Who do the Chicago Cubs want in the playoffs?

AP: The Year of the Cub?

The Chicago Cubs are beginning to run away with the best record in baseball, sitting at 81-45 coming into play this past weekend. That places them at 7.5 games ahead of the next closest team, the Washington Nationals, which almost completely assures that they'll have the home-field advantage in the NLDS. All contenders come with their share of concerns, but for the Cubs the biggest question may have to do with who they end up drawing in the first round of the postseason.

So who do the Chicago Cubs want to face in the playoffs? Here is the case for each of their four likely opponents.



The Marlins are still close — albeit on the outside — in the wild-card chase. Losing Giancarlo Stanton for the season won't help their chances, but at this point anything is possible. Should they make it to the wild-card game and then into the NLDS, the Chicago Cubs would match up against a young, inexperienced team with a thin pitching staff beyond ace Jose Fernandez, who would presumably pitch, leaving him only really available for Game 3 of the series.

Miami is nothing special in the run-scoring department, either, ranking No. 11 in the National League despite having several hitters in the regular lineup with individual good seasons. Seven of their eight starters this season — counting those on the disabled list — have an OPS over .750. Considering all the facts, the Marlins might be one of the more ideal matchups for the Chicago Cubs in the postseason.


The Dodgers are currently leading the NL West, but there are two scenarios in which the Chicago Cubs could play them in the NLDS. First, the Dodgers could fall out of the division lead and end up a wild card, and second, the Cubs could hit a skid that lands them just the second-best record in the National League. If this scenario shakes out, it's probably one of the better options for the Cubs as well — at least based on what we know now.

The Dodgers have had a slew of pitching injuries, with Clayton Kershaw not having pitched since late June and no official timetable for when he may return. Rich Hill just came off the disabled list — finally — and they're still waiting on Brett Anderson, Scott Kazmir, and Brandon McCarthy. There's a decent chance that should the Dodgers end up playing the Cubs, they won't have their full complement of pitchers available.


Facing the St. Louis Cardinals would be a rematch of last year's NLDS, which the Cubs won 3-1. The Cardinals have experienced a rough time with the pitching this year, getting a good year from starter Carlos Martinez but not much from anybody else. They've had injuries to their position players and poor years from Kolten Wong and Randal Grichuk, but somehow Brandon Moss and Jedd Gyorko have combined for 47 home runs in less than 700 plate appearances.

Facing the Cardinals doesn't seem like an ideal matchup. Outside of the team's familiarity with each other (the Cardinals at leading the season series, 7-6), there's the fact that the Cards have recently called up pitching prospects Luke Weaver and Alex Reyes. A rotation featuring those two, plus Martinez and veteran Adam Wainwright, could be the kind of "lightning in the bottle" that a clearly inferior team like the Cardinals could use to beat the Chicago Cubs in the postseason. As fun as seeing these rivals play in the postseason again might be, it's not ideal.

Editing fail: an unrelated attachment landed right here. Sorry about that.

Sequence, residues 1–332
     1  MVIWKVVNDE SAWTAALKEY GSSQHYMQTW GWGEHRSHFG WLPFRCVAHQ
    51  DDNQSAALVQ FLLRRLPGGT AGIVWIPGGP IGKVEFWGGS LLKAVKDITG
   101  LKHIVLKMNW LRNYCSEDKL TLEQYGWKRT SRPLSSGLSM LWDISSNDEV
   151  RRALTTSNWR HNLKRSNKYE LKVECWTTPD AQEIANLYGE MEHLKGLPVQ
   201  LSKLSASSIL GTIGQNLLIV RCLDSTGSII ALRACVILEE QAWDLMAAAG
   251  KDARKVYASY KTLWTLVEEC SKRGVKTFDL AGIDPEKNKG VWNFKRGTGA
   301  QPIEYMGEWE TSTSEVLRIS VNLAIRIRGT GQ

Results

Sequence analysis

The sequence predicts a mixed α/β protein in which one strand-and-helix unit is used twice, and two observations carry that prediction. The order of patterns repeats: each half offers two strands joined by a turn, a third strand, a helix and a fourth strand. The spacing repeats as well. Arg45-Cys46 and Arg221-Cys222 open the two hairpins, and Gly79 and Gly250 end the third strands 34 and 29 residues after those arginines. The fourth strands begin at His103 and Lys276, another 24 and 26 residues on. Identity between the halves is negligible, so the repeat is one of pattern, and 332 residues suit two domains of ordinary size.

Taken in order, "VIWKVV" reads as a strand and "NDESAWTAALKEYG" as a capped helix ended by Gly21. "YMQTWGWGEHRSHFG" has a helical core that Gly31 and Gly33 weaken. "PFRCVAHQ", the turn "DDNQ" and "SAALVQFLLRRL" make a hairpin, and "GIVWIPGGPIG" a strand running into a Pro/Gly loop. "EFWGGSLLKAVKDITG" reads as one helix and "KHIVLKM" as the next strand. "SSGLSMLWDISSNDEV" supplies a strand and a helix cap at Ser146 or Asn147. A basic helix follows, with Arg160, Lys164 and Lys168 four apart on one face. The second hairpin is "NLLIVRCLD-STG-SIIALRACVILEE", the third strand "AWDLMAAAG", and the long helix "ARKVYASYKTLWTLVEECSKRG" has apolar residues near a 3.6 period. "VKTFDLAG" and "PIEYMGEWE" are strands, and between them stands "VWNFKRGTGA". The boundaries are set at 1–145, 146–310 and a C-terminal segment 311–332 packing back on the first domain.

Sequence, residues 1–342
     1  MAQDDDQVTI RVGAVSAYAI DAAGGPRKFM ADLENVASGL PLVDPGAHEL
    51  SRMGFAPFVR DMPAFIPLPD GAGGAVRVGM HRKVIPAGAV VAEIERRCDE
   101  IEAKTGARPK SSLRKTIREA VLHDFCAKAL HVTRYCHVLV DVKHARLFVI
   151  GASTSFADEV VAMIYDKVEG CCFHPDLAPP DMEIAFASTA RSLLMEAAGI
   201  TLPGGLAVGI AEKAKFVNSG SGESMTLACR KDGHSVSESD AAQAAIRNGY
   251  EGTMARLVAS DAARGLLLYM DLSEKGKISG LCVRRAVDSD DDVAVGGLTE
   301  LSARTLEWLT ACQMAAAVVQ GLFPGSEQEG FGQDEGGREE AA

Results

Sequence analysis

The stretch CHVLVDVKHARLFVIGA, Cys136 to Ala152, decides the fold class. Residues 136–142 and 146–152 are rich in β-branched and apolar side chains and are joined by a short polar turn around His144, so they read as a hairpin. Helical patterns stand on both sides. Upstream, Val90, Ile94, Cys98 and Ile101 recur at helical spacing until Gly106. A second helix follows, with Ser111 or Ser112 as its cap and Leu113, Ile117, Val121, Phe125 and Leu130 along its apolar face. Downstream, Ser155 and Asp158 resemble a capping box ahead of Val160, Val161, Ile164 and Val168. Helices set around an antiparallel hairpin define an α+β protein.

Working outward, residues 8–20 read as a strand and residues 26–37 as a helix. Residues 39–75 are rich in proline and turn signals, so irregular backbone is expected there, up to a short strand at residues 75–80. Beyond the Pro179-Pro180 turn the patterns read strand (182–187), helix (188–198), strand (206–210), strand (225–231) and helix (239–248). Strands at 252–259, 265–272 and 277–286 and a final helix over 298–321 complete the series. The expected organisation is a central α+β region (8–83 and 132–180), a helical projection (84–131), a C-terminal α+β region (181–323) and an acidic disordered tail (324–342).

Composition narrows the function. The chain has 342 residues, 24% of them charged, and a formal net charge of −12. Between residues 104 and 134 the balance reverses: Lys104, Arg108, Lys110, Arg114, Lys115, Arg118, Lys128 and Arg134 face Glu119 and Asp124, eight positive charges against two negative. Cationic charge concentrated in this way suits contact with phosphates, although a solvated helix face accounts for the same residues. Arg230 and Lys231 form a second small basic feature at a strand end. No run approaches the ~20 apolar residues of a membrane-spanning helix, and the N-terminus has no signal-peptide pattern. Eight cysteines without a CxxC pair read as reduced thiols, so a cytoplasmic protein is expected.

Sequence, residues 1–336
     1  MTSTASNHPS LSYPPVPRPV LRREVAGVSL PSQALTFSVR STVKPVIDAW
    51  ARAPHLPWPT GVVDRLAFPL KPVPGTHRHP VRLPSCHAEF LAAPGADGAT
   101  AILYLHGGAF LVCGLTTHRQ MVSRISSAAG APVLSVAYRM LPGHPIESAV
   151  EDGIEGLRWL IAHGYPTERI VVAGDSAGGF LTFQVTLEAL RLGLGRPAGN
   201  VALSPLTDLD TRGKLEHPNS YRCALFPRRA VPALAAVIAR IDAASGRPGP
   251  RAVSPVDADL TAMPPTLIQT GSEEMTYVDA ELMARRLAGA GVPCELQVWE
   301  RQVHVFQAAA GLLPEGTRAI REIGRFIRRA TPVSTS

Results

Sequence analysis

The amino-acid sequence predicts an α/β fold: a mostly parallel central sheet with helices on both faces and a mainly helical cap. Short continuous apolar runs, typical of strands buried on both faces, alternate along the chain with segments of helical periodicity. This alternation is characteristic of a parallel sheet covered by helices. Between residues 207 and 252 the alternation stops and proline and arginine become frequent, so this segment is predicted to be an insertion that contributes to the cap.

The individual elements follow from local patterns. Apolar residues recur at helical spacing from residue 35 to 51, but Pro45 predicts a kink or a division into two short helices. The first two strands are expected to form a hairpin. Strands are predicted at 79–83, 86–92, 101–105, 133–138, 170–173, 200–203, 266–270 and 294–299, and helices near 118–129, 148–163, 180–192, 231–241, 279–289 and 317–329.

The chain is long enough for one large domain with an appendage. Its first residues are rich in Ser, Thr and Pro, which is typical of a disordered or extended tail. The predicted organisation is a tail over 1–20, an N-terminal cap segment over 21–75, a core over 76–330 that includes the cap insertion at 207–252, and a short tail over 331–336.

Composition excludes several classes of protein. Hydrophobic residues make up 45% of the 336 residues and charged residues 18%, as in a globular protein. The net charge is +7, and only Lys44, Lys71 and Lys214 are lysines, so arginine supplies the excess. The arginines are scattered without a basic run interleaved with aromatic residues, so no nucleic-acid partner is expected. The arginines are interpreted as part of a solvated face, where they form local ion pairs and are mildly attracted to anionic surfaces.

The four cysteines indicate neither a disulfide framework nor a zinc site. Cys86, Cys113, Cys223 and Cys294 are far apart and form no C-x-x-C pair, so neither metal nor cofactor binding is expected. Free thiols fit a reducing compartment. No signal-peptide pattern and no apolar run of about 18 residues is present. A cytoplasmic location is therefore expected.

Another less-than-ideal matchup for the Chicago Cubs would be the San Francisco Giants. As of right now, the Giants would play against the Cardinals in the wild-card game with the winner heading to Chicago. That likely means that Madison Bumgarner would have pitched already and wouldn't be able to go again until Game 3. But they also have Johnny Cueto on their pitching staff, meaning that the Giants could throw Cueto and Bumgarner in three of the five potential games in a series against the Cubs.

And that's not what you want. Toss in the fact that former Cubs pitcher Jeff Samardzija — likely out for some sort of revenge for being traded two seasons ago — would be another pitcher they'd face, and this series has all kinds of potential for disaster. It's also worth pointing out that it's an even year, meaning the Giants are on schedule to win another World Series trophy this season; they've won it every even year going back to 2010. Of all the potential teams that the Cubs could face in the NLDS this season, the Giants are the worst possible matchup.


Ranking MLB stadiums
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Ranking MLB stadiums

29. Rogers Centre, Toronto Blue Jays

The only things worse than this warehouse-looking place are the metric measurements on the outfield walls.


23. Angel Stadium, Los Angeles Angels

Nothin’ like some fake rocks in center field to really set the mood for a baseball game.


22. Progressive Field, Cleveland Indians

The fact that it’s no longer Jacobs Field bumps this down at least five spots.


21. Busch Stadium, St. Louis Cardinals

Can this place just stay out of the playoffs just once?


19. Chase Field, Arizona Diamondbacks

Center field is the deepest part of the stadium, guys. The wall doesn’t need to be that high.

Clintus McGintus/Flickr

5. Fenway Park, Boston Red Sox

Relax, Fenway is definitely an amazing place to watch a game. But sitting directly behind a pole and/or facing the left-center field wall just isn’t always appealing.



More from Sports Cheat Sheet:

Who Vegas Is Picking to Win the 2016 World Series
MLB: Nobody is Talking About This Potential Cy Young Winner
MLB: 4 Reasons Why Kris Bryant is the National League MVP

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